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Mandating COVID-19 Vaccination in the Healthcare Workforce

Posted/Updated on 9/15/21 7:30 AM

President Biden's New COVID-19 Vaccine Mandate

The White House recently announced President Biden's Action Plan to combat COVID-19. The Plan introduces multiple employee vaccination strategies that are likely to impact healthcare employers, including:

  • An Occupational Safety and Health Administration (OSHA) Emergency Temporary Standard (ETS) requiring all employers with 100 or more employees to ensure that all employees are fully vaccinated or able to produce a negative COVID-19 test result on at least a weekly basis
  • A Centers for Medicare & Medicaid Services (CMS) requirement for COVID-19 vaccinations for workers in most health care settings that receive Medicare or Medicaid reimbursement
  • Executive Orders requiring vaccination for (1) employees of the executive branch of the federal government and (2) employees of federal contractors and subcontractors

Details related to Plan compliance enforcement for impacted employers remain uncertain. NORCAL Group insureds are encouraged to watch for further guidance and directives.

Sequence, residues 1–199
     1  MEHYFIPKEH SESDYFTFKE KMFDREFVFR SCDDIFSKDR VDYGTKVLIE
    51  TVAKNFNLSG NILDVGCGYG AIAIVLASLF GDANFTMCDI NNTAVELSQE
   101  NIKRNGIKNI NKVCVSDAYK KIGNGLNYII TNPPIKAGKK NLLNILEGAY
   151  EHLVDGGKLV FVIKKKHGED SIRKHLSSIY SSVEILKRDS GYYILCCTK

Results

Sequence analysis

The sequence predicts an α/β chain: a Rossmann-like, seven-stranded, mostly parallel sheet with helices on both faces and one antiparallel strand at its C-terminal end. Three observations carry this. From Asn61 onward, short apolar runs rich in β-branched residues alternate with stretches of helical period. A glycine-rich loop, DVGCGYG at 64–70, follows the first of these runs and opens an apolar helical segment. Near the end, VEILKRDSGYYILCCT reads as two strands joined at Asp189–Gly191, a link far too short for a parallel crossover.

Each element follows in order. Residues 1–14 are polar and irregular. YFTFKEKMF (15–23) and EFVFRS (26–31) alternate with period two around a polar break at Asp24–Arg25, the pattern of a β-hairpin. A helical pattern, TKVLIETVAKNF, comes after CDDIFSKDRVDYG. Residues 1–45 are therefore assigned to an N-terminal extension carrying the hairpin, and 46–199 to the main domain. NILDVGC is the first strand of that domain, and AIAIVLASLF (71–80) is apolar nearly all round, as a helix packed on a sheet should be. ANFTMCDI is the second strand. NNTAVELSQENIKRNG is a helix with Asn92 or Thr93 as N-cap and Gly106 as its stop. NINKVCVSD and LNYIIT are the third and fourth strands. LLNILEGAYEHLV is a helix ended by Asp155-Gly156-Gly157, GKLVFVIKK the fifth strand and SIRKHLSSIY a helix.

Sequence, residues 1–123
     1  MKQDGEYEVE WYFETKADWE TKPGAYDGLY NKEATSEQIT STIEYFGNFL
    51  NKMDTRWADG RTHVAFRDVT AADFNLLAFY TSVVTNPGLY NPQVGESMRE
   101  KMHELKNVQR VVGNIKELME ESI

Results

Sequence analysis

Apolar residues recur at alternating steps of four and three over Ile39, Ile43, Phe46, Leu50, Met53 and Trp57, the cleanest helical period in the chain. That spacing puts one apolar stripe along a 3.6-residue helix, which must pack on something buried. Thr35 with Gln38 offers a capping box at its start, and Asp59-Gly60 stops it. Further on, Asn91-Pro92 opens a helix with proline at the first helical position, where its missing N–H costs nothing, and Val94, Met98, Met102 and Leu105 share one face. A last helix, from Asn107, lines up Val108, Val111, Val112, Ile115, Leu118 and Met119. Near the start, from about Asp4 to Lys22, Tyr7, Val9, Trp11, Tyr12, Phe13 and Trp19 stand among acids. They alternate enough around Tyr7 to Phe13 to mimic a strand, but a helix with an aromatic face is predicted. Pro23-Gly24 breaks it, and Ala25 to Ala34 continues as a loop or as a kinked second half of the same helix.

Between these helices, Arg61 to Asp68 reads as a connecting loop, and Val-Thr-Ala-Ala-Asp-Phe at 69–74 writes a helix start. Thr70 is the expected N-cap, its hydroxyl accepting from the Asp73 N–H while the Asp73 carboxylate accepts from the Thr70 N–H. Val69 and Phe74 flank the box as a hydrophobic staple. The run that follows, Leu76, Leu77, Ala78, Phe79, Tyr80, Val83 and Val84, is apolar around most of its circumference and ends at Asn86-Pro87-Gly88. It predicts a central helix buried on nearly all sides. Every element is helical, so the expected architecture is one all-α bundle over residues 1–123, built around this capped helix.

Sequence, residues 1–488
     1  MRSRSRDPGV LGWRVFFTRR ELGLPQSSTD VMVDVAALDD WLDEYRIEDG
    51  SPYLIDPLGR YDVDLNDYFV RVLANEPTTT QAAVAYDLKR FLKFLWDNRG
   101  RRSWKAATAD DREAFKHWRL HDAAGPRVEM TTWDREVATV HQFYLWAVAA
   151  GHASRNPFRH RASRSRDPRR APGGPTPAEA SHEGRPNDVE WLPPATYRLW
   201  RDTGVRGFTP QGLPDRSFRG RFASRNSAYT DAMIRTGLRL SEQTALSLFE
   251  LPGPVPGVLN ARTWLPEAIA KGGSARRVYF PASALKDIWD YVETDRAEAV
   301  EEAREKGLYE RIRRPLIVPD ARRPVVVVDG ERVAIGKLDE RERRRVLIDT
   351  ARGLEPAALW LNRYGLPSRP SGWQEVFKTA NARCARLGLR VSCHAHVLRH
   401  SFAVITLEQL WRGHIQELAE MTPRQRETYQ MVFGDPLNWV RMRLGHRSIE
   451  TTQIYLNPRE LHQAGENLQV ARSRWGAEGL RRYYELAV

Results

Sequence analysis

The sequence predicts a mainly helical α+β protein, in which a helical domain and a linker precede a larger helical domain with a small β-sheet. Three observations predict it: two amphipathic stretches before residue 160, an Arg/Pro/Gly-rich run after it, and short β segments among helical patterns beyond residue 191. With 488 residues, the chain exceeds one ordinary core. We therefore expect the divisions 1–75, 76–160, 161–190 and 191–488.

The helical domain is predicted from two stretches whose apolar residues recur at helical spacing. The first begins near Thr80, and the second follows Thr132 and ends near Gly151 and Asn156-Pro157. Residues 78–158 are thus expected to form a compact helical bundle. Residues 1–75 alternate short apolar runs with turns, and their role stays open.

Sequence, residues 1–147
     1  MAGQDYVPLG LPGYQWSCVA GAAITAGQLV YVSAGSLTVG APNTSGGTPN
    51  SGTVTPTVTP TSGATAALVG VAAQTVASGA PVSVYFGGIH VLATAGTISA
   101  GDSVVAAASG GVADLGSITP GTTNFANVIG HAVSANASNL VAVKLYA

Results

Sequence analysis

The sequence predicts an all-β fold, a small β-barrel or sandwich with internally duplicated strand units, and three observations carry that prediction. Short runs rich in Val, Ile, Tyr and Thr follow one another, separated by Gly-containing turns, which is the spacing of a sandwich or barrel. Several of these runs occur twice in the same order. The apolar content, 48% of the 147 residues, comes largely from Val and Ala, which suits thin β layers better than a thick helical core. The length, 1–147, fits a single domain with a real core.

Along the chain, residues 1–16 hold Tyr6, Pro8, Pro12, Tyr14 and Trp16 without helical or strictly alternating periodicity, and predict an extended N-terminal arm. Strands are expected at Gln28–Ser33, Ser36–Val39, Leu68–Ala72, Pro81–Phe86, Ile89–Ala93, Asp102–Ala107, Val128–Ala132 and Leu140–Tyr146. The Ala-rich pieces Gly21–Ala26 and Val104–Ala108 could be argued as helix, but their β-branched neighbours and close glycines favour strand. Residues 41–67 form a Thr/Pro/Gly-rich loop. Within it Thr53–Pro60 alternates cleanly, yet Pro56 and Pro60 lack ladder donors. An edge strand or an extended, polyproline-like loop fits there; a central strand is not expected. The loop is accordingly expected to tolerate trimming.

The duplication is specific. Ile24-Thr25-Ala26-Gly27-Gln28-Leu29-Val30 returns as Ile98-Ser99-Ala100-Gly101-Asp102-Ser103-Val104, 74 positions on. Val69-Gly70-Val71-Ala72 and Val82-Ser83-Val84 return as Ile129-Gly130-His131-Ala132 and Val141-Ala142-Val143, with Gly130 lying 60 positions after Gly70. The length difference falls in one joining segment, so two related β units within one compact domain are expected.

Historically, vaccines have been relied upon as the most effective strategy to prevent disease transmission. Although the COVID-19 vaccine is widely available to healthcare workers, surveys reveal significant levels of vaccine hesitancy in this population.[1] Top concerns include vaccine development occurring too quickly; not receiving enough information about safety, side effects, and administration; and skepticism regarding the clinical trial process. With over 160 million people now fully vaccinated in the US, safety and efficacy of the available vaccines is better understood. An Associated Press analysis of data from May 2021 shows that fully vaccinated people account for less than 1.1% of COVID-19 hospitalizations and 0.8% of COVID-19 deaths. [2]

Prior to COVID-19 vaccine availability, the best and only method to prevent the spread of SARS-CoV-2 relied on the implementation of pandemic infection prevention and control measures per CDC guidance. Now that the available vaccines demonstrate effectiveness in preventing asymptomatic and symptomatic COVID-19 infection and in preventing hospitalizations and deaths, this is an added measure that can be taken to ensure the safety of both patients and healthcare workers. In fact, after review of vaccine efficacy in clinical trials, real-world effectiveness studies, and post-authorization safety monitoring a findings, a multispecialty consensus statement released in July 2021 recommends COVID-19 vaccination should be a condition of employment for healthcare workers.